While the left-wing parties fight out their quarrels with German thoroughness, the right is getting ready for battle. While the republican parties are conducting a more or less intellectual struggle against each other in the big cities, the monarchists are taking control of the countryside and rural areas, and they will soon be able to completely surround the cities and industrial areas. When shots fall in Berlin, the Pomeranian Vendée will dance for joy. The republic is bad, that is the political creed of innumerable Germans these days. The lack of self-control of the radical left-wing opposition is the best help that the reactionary right could hope for.
As we threw our tattered caps in the air and hailed the republic, far from home, in November 1918, we didn’t dream that it would be shaken so soon, that some of those who shouted enthusiastically until they were hoarse, would so soon become the involuntary helpers of those who now want to kill them. What made our blood flow more quickly then was not party programs, and not pedantically thought out social dogmas. Nobody was interested in the differences between Radek and Kautsky, but millions were united in the feeling, the killing has stopped, militarism has choked on itself, we are a free people in a free fatherland, starting now! The German revolution was not the result of party dogma, it was the elemental self-defence of a desperately suffering people.
We know how quickly this feeling of domestic solidarity evaporated. One cannot freeze enthusiasm, but where it is strong and genuine, it gives rise to principles that provide a spark for a long time afterwards, and win back the faith of doubters. Unfortunately, the enemies of the new order are more sensitive to the fact that such principles have not yet been articulated, than its friends are. The opponents of the republic are thorough and flexible. The previous supporters of throne and altar are very good moles. The Tippelskirchs are very good at declaiming against corruption. The German-national opposition exploits every situation. There isn’t a single question between heaven and earth which isn’t answered, with deep inner conviction, “It’s the republic’s fault!” The military defeat, the terrible peace, price rises, moral decay, corruption… it’s the republic’s fault! Every dubious instinct in the popular soul is exaggerated beyond measure. The stupid arrogance of previously privileged classes is the republic’s fault, as is the primitive yearning of narrow-minded petit-bourgeois for displays of military and dynastic ostentation. And this attention to detail is deliberate. The socialists, who used to understand mass psychosis, are incompetent bunglers by comparison. All public institution are infected by the wild, monarchist-nationalist agitation. The German mafia has infiltrated schools, churches and even theatres.
It is no use confronting such mob agitation with the argument that the new system cannot bring all flowery dreams to fruition in one year, we know how difficult transitional times are. Even in France, the third republic needed three decades to assert itself permanently. The French officer corps also contained royalist cliques. Honest republicans were often in a desperate minority, but steady consistency can shorten the transition, and put the new state on a secure footing. No stupid violence, no coarse attempt to replace argument with force. But, above all, no sell-out in the hope of winning the good will of those who have been brought down. The republic must be clean. Its irreproachability must disarm its opponents. The leaders of a people who have fallen on hard times must show the strictest self-discipline, otherwise the door is wide open to every kind of political immorality.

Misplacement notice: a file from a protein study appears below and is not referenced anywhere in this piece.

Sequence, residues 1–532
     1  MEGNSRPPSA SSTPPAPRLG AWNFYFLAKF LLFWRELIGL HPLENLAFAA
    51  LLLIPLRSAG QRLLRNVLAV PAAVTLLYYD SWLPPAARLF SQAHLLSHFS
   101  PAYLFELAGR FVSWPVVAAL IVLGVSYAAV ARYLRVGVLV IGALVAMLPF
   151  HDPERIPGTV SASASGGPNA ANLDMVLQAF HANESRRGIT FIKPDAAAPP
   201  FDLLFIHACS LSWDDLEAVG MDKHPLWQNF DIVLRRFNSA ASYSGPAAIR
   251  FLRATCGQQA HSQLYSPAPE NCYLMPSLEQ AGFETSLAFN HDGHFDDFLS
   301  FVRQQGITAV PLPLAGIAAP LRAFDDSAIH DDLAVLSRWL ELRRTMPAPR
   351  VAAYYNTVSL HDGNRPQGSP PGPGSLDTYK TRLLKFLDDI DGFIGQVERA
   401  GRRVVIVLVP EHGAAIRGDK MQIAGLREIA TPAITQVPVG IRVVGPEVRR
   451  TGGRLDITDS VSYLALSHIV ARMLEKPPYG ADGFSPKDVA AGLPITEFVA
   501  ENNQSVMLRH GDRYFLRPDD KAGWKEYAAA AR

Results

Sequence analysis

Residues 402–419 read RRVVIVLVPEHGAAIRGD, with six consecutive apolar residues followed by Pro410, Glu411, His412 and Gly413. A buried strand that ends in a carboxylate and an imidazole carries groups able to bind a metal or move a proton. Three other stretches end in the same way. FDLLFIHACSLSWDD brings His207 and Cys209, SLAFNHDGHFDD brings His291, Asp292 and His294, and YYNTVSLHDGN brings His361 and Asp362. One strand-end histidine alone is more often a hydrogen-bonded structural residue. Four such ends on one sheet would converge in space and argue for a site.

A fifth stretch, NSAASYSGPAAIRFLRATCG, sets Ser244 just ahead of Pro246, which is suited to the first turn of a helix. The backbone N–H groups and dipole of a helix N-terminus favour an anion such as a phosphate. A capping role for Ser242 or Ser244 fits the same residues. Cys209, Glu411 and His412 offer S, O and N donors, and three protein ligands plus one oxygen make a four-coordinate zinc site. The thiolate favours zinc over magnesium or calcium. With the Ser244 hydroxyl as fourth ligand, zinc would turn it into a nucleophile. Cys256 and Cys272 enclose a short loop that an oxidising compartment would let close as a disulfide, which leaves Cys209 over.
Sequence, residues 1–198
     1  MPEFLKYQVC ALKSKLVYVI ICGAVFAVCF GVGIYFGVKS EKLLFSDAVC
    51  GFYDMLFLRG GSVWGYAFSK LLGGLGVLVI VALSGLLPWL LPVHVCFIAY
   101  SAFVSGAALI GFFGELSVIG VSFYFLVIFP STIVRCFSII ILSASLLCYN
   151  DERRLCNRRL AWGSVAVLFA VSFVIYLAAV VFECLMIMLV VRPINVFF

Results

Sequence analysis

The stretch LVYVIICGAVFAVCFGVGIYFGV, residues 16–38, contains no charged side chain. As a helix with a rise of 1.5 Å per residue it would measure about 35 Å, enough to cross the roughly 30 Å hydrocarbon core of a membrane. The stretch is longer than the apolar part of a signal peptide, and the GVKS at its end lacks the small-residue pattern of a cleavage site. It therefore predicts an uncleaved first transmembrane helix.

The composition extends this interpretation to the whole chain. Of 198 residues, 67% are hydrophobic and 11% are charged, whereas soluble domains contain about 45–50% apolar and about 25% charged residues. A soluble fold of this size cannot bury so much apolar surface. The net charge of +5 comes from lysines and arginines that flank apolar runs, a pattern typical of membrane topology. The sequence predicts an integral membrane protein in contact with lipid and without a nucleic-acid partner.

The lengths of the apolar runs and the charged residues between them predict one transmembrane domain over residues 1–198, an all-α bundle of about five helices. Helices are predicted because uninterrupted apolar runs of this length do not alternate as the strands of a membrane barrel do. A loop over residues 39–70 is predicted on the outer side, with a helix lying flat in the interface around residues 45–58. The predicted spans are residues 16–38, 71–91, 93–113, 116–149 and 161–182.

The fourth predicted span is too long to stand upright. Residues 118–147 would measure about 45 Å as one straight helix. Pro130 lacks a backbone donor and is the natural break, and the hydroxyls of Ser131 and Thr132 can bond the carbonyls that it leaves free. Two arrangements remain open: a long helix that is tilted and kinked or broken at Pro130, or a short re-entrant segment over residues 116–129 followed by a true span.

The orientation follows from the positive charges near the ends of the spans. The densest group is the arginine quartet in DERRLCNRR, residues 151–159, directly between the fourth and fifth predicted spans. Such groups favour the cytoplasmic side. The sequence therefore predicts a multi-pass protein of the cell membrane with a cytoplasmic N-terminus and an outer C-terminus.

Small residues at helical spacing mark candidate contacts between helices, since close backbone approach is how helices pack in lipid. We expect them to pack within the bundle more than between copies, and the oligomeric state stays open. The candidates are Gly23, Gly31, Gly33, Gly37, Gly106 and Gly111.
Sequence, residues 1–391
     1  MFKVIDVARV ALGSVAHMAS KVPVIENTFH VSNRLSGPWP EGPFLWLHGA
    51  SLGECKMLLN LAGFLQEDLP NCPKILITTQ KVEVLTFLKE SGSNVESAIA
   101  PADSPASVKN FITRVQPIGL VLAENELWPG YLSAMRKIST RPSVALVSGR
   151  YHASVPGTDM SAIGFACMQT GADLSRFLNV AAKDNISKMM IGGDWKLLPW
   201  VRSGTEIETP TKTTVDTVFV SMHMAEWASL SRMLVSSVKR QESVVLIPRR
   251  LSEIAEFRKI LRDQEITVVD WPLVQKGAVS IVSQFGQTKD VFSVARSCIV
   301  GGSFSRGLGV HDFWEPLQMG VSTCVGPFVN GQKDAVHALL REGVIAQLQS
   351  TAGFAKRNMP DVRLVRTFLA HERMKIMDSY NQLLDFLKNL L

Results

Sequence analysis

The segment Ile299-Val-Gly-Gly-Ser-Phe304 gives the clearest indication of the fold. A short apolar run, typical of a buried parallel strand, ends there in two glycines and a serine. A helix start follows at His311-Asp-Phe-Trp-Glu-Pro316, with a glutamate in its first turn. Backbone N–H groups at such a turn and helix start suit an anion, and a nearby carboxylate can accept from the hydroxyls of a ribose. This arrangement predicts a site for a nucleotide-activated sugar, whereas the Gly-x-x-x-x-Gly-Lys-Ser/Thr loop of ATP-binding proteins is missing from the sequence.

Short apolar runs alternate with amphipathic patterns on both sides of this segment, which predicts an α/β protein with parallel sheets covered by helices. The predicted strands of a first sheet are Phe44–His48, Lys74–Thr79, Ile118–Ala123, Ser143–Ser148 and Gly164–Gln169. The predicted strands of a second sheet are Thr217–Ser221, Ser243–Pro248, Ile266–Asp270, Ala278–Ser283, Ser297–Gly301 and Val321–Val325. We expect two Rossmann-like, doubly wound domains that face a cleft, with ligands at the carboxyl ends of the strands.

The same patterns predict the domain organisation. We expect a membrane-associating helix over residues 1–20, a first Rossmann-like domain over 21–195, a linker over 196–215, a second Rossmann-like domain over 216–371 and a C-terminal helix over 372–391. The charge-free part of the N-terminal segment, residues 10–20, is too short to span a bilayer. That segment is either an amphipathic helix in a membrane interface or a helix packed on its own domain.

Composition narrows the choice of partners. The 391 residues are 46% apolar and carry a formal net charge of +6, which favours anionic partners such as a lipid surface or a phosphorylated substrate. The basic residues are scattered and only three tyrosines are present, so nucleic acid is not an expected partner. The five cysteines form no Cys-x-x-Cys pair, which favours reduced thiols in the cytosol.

The republic must be wise. It must only invoke the powerful instrument of a state of emergency in the very last resort. Every measure which recalls the methods of the old system will cause broad circles of the people to have doubts about democracy, and will give rise to bitterness and indifference. Nothing worse could happen to the republic than the disenchantment of just those parts of the population that it needs to defend it, and belong to it with their whole way of thinking. The reactionaries could be granted no greater favour than the currently practised domestic policies. This strong-arm policy corresponds exactly to the intentions of the nobleman of Oldenburg. Nobody of a reasonable disposition would object to parliament and constitution being defended from attacks from without, but the arrest of the alleged ‘intellectual agitators’ of such sad events recalls the worst practices of the times of Puttkammer. We, as democrats, are the determined opponents of Däumig and Goldschmidt, but we respect them as honourable opponents, and we know that they are as far from dubious coup d’etat conspiracies as the Imperial Minister of Defence is from statesmanly comportment.
What I have said here are nothing but truisms, but it seems that the largest party in the coalition, the social democrats, have lost all understanding of them. This party, which used to be so proud to keep its distance from any camarilla, now lets itself be led up the garden path by publicans and faith healers, in strange ‘official meetings’. The leaders of the republic are badly counselled. ‘Caveant consules!‘ they used to shout in times of danger. These days it seems to be, „Let the republic ensure that the consuls don’t come to any harm!”